Tag: Party

Both parties have a plan for the debt crisis: Do nothing
Unemployment

Both parties have a plan for the debt crisis: Do nothing

Here are the CBO projections.
Since 1950, deficits have equaled or exceeded 5 percent of GDP in only six years (1983, 1985 and 2009-2012), and most of these occurred after deep recessions.
Adding these amounts to government borrowing would increase the federal debt — the total of all past deficits — to more than 100 percent of GDP, about as large as right after World War II.
They warned of an approaching “debt crisis” if ballooning budget deficits weren’t reversed.
On April 9, five Democratic economists issued a rejoinder in The Post, rejecting the Hoover economists’ suggestion that spending cuts for “entitlements” — mainly programs for the elderly and the poor — bear all the burden of cuts.
In today’s dollars, balancing the budget would require annual spending cuts and tax increases of about $1 trillion.
That’s equal to about a fifth of federal spending, which is now being borrowed.
Social Security and other “safety net” programs would have to be reduced, possibly through higher eligibility ages and more means-testing.
These entitlements constitute about 70 percent of federal spending; if they’re ignored, the entire adjustment would fall on other spending (other domestic programs and defense) and taxes.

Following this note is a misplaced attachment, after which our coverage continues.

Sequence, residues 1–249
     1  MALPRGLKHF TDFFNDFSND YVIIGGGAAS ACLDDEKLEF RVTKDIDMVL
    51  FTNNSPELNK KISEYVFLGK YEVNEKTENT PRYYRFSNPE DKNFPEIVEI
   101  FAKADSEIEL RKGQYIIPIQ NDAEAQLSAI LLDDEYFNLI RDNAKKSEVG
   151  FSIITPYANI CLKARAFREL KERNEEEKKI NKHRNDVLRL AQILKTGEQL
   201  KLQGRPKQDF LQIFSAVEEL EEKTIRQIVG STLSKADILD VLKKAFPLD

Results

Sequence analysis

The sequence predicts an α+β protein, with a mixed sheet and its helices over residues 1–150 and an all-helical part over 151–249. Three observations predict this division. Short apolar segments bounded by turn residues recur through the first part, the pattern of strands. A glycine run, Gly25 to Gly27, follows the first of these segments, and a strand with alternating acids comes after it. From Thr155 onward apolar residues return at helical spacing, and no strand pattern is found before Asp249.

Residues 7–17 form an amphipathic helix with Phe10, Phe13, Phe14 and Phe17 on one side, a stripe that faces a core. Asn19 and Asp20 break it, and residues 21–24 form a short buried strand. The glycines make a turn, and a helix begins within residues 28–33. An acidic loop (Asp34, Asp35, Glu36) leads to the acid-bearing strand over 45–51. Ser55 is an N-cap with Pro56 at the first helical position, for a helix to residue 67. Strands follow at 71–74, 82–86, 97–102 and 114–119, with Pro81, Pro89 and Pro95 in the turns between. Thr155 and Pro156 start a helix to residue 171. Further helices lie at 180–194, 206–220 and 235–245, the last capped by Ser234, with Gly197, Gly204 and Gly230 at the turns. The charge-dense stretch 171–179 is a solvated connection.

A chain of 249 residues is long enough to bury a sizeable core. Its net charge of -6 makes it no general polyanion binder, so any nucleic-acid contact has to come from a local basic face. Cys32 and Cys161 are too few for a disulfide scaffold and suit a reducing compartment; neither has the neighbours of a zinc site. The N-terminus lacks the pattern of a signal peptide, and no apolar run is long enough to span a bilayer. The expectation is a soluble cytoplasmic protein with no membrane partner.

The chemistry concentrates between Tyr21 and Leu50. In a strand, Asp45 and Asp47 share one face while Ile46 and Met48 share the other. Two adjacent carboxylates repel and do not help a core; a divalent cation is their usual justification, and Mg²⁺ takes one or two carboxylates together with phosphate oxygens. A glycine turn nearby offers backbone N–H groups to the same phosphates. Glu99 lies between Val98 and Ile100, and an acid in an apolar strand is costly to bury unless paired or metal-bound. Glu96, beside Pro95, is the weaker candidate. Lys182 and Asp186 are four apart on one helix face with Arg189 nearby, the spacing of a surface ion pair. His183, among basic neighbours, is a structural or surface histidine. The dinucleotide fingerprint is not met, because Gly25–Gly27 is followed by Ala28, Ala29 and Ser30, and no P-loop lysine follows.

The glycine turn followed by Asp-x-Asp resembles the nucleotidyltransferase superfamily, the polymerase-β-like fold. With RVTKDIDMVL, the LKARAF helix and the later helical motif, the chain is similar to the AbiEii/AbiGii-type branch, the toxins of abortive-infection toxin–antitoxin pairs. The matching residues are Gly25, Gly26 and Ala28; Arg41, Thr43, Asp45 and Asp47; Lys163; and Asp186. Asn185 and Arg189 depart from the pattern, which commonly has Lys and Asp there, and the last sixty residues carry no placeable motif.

But a debt crisis does not come slowly and visibly like a rising tide.

Opinion: The Federal Reserve’s Powell might keep the party going longer than expected
Unemployment

Opinion: The Federal Reserve’s Powell might keep the party going longer than expected

That could keep the party going longer, and it could allow workers to capture a larger share of income, even if it means profit margins get squeezed.
Yes, the Fed raised interest rates again this week, and signaled that it intends to push its overnight lending rate even higher over the next two years.
But the Fed has also taken further steps toward dovishness since the beginning of February, when Powell took over from Yellen.
The policy makers’ median forecast for the longer-run unemployment rate fell again to an all-time low of 4.5%.
This means the average Fed policy maker is now as dovish as the most dovish member in 2009.
And with the range of estimates stretching from 4.2% to 4.8%, the most hawkish member of the Fed today is more dovish than the most dovish member in 2010.
Since 2009, the median forecast for interest rates has dropped from 4.25% to just under 3%.
That’s the way the business cycle works: After a recession, profits soar even while millions of people are still without work.
But finally the unemployment rate falls so far that even marginalized people can find work — anyone can get past the bouncer and into the party, if not into the VIP room.
Powell said that the Fed would know that we’ve reached full employment when wages start to really rise (and presumably that’s when the punch bowl should be removed).

Euro slides after populist parties make strong showing in Italian election
Unemployment